Community mental health services vital in addressing crises
By Sheba Okumu | July 15th 2020
Mental health and psychosocial support includes help that people get to protect or promote their mental health and psychosocial wellbeing.
It helps people deal more effectively with personal challenges, and to treat and prevent mental disorders.
Major psychosocial issues include family problems, depression, anxiety, post-traumatic disorders, substance abuse, sexual abuse, violence and stress-related physical problems.
Psychosocial support may come within or outside people’s communities. It may be provided by professional specialists or others. It can take many forms, depending on people’s needs and on what services are available.
Grassroots psychosocial support can help in identifying symptoms of mental problems. The symptoms are many but vary. The common ones include fatigue, fear, anxiety, uneasiness, sadness, helplessness, and cognitive impairment like lack of concentration, sleep disturbance and forgetfulness, loss of memory, sexual dysfunction and loss of interest in former pleasurable activities.
Psychosocial support prevents stress and anger-related diseases. When one is stressed, run down, angry and resentful, the body begins to break down causing diseases.
Suppressed emotions interfere with neurotransmitters, causing their imbalances. Imbalanced neurotransmitters cause many diseases ranging from flu to cancer.
In crisis situations like Covid-19, people need therapies or medication or a combination of both provided by psychiatrists, psychologists, counsellors, specialised nurses and general practitioners.
Psychosocial treatments involve counselling, motivational enhancement, case management, care co-ordination and relapse prevention. It, therefore, requires identification of needs and the training of adequate personnel. This will be an important step to support vulnerable families and their caregivers.
First and foremost, support is creation of awareness about symptoms of mental disorders. Psychologists and counsellors are like mirrors that make clients aware of what they do not know about themselves.
The society should be aware of the symptoms of mental problems. The awareness will empower them to seek help the way people do for medical attention for symptoms like headaches, stomachaches, coughing and chest pains.
The second step is to help people identify the type of mental disorders they might have developed and the level of their condition through psychological assessment.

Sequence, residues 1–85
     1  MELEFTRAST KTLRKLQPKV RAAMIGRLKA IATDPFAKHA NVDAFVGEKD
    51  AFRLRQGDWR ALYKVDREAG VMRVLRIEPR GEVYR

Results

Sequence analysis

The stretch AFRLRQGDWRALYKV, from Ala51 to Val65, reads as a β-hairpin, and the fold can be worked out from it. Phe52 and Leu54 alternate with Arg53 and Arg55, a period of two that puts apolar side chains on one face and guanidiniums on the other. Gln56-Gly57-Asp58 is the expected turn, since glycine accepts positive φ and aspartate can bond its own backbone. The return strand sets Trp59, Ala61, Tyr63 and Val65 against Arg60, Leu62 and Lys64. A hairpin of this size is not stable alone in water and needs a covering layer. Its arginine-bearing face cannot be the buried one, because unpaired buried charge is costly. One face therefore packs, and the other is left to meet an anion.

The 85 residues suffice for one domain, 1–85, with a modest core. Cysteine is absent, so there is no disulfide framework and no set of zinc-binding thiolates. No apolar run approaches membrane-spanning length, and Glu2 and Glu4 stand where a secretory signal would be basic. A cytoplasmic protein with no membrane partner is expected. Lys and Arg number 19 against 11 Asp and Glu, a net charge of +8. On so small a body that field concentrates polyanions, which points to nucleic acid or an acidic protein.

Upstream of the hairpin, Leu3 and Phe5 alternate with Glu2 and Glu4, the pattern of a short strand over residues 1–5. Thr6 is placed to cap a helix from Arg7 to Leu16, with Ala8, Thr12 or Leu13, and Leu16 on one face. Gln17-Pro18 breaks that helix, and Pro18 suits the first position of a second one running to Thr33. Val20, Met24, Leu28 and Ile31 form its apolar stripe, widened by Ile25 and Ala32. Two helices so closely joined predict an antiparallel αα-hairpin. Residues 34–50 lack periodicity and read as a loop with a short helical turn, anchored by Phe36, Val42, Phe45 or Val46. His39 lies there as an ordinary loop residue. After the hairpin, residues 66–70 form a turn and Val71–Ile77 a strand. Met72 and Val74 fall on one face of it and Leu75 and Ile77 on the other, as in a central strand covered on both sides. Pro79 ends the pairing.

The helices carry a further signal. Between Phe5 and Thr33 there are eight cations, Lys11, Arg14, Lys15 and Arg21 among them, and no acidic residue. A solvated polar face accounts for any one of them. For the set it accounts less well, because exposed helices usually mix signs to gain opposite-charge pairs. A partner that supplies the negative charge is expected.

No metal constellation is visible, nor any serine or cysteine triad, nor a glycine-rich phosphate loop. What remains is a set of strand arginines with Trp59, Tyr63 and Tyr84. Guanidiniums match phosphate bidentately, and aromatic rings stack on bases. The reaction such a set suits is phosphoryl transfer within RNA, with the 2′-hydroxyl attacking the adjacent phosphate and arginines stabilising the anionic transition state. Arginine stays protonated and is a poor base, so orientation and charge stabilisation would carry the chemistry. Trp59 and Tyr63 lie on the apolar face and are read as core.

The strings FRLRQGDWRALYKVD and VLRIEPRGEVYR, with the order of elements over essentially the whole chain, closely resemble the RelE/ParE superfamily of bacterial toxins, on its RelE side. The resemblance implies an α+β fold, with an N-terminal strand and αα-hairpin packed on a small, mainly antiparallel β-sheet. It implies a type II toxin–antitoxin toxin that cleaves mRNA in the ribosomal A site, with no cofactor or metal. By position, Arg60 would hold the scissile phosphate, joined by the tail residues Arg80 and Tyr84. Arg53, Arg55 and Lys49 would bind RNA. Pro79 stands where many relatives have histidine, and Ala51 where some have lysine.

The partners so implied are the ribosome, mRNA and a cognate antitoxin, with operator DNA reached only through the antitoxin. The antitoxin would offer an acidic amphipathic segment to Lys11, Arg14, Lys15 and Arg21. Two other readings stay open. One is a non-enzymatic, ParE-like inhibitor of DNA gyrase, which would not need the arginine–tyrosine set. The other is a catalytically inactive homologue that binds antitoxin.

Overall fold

The assessment involves use of international standardised tests which, in most cases, can only be carried out by clinical psychologists or counsellors who have been trained. The assessment results determine the way forward for the treatment of mental problems.
This means that such services should be available at grassroots level. This calls for community-based mental health services. Once medical personnel identify a condition related to mental health, it should be referred to a counsellor.
There should be professionals to offer counselling services by listening to people's anxieties; giving people a shoulder to cry on without judgement or labelling, and instead empathising and accepting without conditions.
During counselling, they can identify cases that require referrals for special services. For example, homelessness or poverty could be referred to organisations that intervene with such provisions, thus networking to provide basic human needs.
More than therapy
Psychosocial support, however, can be much more than ‘therapy’ but includes a variety of activities. Examples are support and self-help groups for women, youth or people with disabilities, structured play activities for children, mind-body approaches such as relaxation and breathing exercises, storytelling, music and handicraft or vocational courses, and spiritual nourishment.
Such activities can help people build self-esteem, realise the universality of their problems, express their pent up feelings in a free atmosphere, develop values, correct irrational thoughts and beliefs, and learn how to cope with their problems.
Meeting needs of vulnerable populations requires a variety of approaches and actions. Therefore, an integrated approach is important. These approaches can help vulnerable populations build self-esteem to confront emerging challenges. Involving the vulnerable in physical activities and other exercises will improve their mental wellbeing.
During a period like this, it can be useful to organise outreach programmes of awareness in various learning institutions and relevant forums, like faith-based programmes and services.
- Dr Okumu is a clinical psychologist
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